Sandra Dodd

Holly wrote this and gave me permission to share it:

I'm not saying that when someone gets hit by a car it's school's
fault, but I will say that high school does not prepare you for the
real world.

(High schools having school zones)

She was commenting on the laws here, by which an elementary school has
a schoolzone speed of 15 miles per hour, it's 20 for a middle school,
and 25 mph for a high school.

There. A perspective from an 18 year old who never spent her days
within a schoolzone.


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Jenny Cyphers

It's funny, I just copied and pasted a facebook set of comments of Chamille and some person she doesn't know.

The background is this... Chamille has a friend that broke up with another friend. She broke up with him to get back together with another boy, who happens to be cruel and abusive.

So Chamille wrote this on the girl's facebook page:

Chamille: STUPID CHOICE MAKER, STUPID STUPID STUPID! you were seriously famazing :[ f**king cool too.

Other Person: Everyone makes mistakes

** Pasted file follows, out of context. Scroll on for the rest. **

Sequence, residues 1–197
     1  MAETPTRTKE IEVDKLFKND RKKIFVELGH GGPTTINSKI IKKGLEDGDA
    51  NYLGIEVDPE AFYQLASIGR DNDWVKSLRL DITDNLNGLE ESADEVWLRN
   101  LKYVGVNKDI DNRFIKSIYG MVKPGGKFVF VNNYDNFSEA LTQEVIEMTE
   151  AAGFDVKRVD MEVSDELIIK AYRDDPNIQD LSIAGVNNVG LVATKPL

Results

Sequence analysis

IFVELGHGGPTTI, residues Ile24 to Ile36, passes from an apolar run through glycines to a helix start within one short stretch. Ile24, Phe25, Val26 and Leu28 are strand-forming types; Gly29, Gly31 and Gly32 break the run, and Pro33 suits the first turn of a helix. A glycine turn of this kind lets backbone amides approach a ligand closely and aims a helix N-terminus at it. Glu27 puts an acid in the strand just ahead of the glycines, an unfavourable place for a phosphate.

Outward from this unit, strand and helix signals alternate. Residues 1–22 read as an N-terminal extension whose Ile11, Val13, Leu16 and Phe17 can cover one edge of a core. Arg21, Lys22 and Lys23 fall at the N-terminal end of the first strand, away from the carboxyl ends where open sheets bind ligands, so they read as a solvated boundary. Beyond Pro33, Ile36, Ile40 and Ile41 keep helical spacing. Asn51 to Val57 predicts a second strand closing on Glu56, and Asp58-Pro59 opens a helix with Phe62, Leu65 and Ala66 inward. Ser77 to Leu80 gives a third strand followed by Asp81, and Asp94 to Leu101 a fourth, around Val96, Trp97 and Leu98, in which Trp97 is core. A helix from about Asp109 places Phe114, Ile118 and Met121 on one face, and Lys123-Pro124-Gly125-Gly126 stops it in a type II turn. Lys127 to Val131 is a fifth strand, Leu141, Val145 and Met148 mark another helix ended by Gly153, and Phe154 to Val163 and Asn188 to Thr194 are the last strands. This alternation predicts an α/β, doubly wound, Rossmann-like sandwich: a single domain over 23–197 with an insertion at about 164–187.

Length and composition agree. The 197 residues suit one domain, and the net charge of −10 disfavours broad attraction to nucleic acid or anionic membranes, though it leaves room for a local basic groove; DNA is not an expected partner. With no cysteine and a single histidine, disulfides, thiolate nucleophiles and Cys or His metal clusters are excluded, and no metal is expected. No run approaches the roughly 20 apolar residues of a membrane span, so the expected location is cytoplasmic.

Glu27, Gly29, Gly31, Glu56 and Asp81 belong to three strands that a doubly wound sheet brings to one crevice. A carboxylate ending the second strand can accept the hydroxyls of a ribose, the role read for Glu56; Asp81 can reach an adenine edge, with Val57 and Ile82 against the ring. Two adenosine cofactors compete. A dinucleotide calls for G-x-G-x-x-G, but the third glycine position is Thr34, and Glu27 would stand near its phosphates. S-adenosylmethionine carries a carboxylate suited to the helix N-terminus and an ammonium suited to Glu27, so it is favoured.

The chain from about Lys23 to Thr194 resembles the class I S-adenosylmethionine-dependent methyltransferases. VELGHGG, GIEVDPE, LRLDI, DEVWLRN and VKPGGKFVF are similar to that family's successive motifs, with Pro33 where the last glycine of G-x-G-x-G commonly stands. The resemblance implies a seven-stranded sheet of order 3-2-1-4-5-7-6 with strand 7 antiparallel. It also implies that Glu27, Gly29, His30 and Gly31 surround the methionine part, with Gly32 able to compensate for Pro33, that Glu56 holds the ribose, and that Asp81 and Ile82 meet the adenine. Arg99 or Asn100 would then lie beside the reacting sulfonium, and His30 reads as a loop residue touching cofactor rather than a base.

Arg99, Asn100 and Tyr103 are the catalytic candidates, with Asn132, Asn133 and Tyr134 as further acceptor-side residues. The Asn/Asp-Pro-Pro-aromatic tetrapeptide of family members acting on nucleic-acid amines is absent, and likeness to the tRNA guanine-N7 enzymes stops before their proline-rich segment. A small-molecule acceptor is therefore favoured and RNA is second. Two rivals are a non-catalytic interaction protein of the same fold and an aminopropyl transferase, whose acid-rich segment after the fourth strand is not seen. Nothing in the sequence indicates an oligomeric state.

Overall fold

Chamille: some mistakes are avoidable. I wouldn't say it was a mistake, just a bad choice.

Other Person: Its the same thing

Another Person chimed in: no she didnt have to hang out with him in the first place

Other Person: Maybe she didnt. But choices are made that are bad. And mistakes are the outcome. I could say some things that you have done. But im not going to. youve made worse

Chamille: a mistake is more something along the lines of doing something and then realizing it was wrong, a bad choice is something you do that you KNOW is gonna turn out bad. usually.

I think Chamille's got a pretty good idea about the difference between making mistakes and making choices. That thought "everyone makes mistakes" is so pervasive. Of course everyone makes mistakes, one can't say that isn't true, but Chamille is right, some mistakes are avoidable by making good choices. The girl in question wasn't making a mistake, she was making a choice, to call it anything else would be untrue. That pat on the back of "everyone makes mistakes" might help the girl feel better about her choice when the inevitable happens and the boy pushes her down the stairs again, but it doesn't change the fact that she made a choice.

Yet another unschooled teen saying wise things!

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